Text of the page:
From the Guardian of March 13 we learn that on the Sunday following the opening the crowds were so great that on the succeeding Sunday the non-travelling public "were excluded from entering the station enclosure," a proceeding which earned the approval of the then editor, who feared that if the practice had continued accidents might have occurred. The same issue contained a letter from a traveller who had tried the new method of travel and found it satisfactory and pleasant, besides approving of the omnibuses belonging to the different hotels. Another item of interest at this period was a correspondence between certain readers of the paper relative to the station at Richhill suggesting that Stonebridge would better serve the area and be a more convenient stop.
Two years later (Armagh Guardian, June 1850) Mr. Wiltshire, then proprietor of the Beresford Arms Hotel (in co-operation with Mr. Jones of Enniskillen) announced that a four-horse coach would run between the recently-opened station at Armagh and Enniskillen, leaving Armagh on arrival of the 9.~5 a.m. train from Belfast and reaching Enniskillen at 4.30 p.m.; a similar coach leaving Enniskillen daily at 9 a.m., entering Armagh at 4.5 p.m. and linking up with the afternoon train for Belfast, an amenity resulting in a shortening of the journey from Belfast to Enniskillen by two hours.
The construction of the line to Armagh completed the original scheme of the Ulster Railway Company, but the line was later continued to Monaghan in 1858 and to Clones in 1863.
The trains of those days were very different from the trains of to-day. The earliest Ulster Railway carriages ran on four wheels and were divided into "bodies" or compartments, first-class bodies holding eight passengers whilst second-class accommodated twelve. In March of 1840 the Company advertised that third-class carriages would be available in April. These were simply open waggons into which people were packed standing.
The line was then a single track and as it was built north of the various towns all its station entrances were on the south side of the railway. At Armagh the first platform roof or shelter was a gloomy affair lighted by a few sky-lights. The first stationmaster, Mr. Mulholland, lived in the Charlemont Arms and was a favourite socially. At that time there was also a "goodsmaster", a well-known bird fancier, famous for his pens of pheasants and partridges which he kept in one end of the goods store.
The ticket office was a little round canister-like enclosure in the main hall that, in times of stress or excitement, was liable to overturn, an accident from which the small boys of the neighbourhood often reaped a profit. Railway Street had not then been opened or developed. Banbrook Hill was, of course, then in being and was the only entrance to the city from that side.
In 1842 the Company decided to run goods trucks and thirdclass passengers on a separate train but in 1848, owing to increased goods traffic, third-class carriages were again attached to passenger trains and were fitted up with rough seats.
About this time the Directors were pained to discover that many of the people who formerly travelled first-class had dropped down to second. At this period third-class carriages became fitted with roofs despite some opposition on the part of certain directors and shareholders. Similar conditions existed in England and indeed there is a record of one company employing a sweep to frequent third-class carriages and rub up against well-dressed people travelling therein, thus reminding them of their station in life and the necessity of journeying in their proper class. These early carriages had no interior lighting or heating. Later oil lamps were introduced and various forms of heating tried out such as warming-pans filled with hot water.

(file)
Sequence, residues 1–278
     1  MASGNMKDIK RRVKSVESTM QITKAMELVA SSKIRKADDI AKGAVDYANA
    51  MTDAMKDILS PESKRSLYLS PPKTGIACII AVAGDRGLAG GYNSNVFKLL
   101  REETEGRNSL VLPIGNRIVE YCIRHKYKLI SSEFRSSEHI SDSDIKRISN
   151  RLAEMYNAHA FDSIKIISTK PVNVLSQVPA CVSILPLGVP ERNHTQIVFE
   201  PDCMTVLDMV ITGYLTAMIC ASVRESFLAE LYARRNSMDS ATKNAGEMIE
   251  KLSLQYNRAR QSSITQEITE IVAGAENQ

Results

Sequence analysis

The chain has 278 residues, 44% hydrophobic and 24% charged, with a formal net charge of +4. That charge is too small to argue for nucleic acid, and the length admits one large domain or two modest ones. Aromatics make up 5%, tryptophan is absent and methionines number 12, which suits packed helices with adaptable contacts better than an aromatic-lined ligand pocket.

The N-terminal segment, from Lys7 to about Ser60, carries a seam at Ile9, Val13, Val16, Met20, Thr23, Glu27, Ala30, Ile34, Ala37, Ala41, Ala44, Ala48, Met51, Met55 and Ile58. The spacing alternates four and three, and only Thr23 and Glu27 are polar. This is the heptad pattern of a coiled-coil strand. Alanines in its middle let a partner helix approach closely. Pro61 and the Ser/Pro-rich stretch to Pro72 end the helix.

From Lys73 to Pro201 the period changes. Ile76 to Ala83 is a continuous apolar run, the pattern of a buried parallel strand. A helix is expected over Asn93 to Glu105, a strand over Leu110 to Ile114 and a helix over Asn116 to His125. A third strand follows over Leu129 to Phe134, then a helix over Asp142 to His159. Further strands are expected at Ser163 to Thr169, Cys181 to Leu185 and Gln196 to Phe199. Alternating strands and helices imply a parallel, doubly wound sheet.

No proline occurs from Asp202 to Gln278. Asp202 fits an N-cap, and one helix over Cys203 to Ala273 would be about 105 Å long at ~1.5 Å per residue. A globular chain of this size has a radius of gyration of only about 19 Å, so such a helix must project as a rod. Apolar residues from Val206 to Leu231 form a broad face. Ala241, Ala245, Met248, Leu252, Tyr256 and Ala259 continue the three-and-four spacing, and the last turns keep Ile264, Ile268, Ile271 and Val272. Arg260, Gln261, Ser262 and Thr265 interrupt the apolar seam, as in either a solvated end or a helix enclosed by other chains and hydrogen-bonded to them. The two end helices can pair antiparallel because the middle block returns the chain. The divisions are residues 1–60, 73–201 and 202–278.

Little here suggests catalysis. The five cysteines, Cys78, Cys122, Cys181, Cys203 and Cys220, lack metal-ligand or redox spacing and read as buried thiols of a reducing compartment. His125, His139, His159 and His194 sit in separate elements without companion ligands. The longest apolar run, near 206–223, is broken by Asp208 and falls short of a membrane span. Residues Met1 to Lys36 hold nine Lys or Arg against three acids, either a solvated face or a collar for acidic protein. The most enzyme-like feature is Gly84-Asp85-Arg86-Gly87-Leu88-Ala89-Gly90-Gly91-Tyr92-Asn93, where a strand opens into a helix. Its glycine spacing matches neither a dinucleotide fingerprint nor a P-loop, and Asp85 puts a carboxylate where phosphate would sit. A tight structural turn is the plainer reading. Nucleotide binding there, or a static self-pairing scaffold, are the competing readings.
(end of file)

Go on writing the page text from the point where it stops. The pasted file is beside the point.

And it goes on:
When the railway first came to Armagh there was great consternation in the country district. It was alleged, and indeed widely believed, that such speedy transit would have a bad effect on health generally, that the smoke of the engines would kill all the birds, that cows would cease to give milk, that the race of horses would become extinct, that factories and houses would be set on fire from sparks and that eventually Ireland as a whole would go up in smoke.
The formation of the lines from Belfast to Armagh and from Dublin to Drogheda led to an Act being obtained in the following year to establish the Dublin and Belfast Junction Railway, by which approval was given for a line from Drogheda to Portadown. This reached Dundalk on February 15, 1849, the Dundalk-Castleblayney line being opened on the same day, so that with road transport from Castleblayney to Armagh an eight-hour journey between Dublin and Belfast became possible. Previously there had been a similar service from Drogheda station to Armagh via Ardee and Castleblayney, as well as one to Dungannon by Newry and Armagh.
The next section opened was that between Dundalk and the Wellington Inn near Newry, which came into use on July 31, 1850, whereupon an omnibus was pressed into service for the conveyance of passengers between that point and Portadown, following which most of the Belfast traffic went that way instead of by Castleblayney and Armagh. The next portion was a section starting from Portadown which was opened to Mullaghglass, near Goraghwood, on January 6 1852. This left only a short distance of some six miles to be completed, but it involved the building of the Bessbrook Viaduct and intensive rock-cutting. Work was quickly pushed ahead and on June 10, 1852 the gap was closed.
At this time passengers passing through Drogheda had to drive from a station south of the river to one on its northern side or the other way round if travelling in an opposite direction. To remedy this it was decided to erect a bridge to carry the railway over the Boyne, and a wooden structure was built and opened to traffic on June 22, 1853. This was replaced by an iron bridge in 1855, which was practically rebuilt in 1930-32.
Various efforts were made towards uniting the "Dublin and Drogheda Railway " with the "Belfast and Dublin Junction Compan " and in 1875 they ceased their separate existences and became the Northern Railway of Ireland. This brought about further amalgamations and resulted in the acquisition of the "Irish North-western" and "Ulster" with their subsidiary lines in 1876 and the re-grouping of the four companies under the revised title of "Great Northern Railway of Ireland."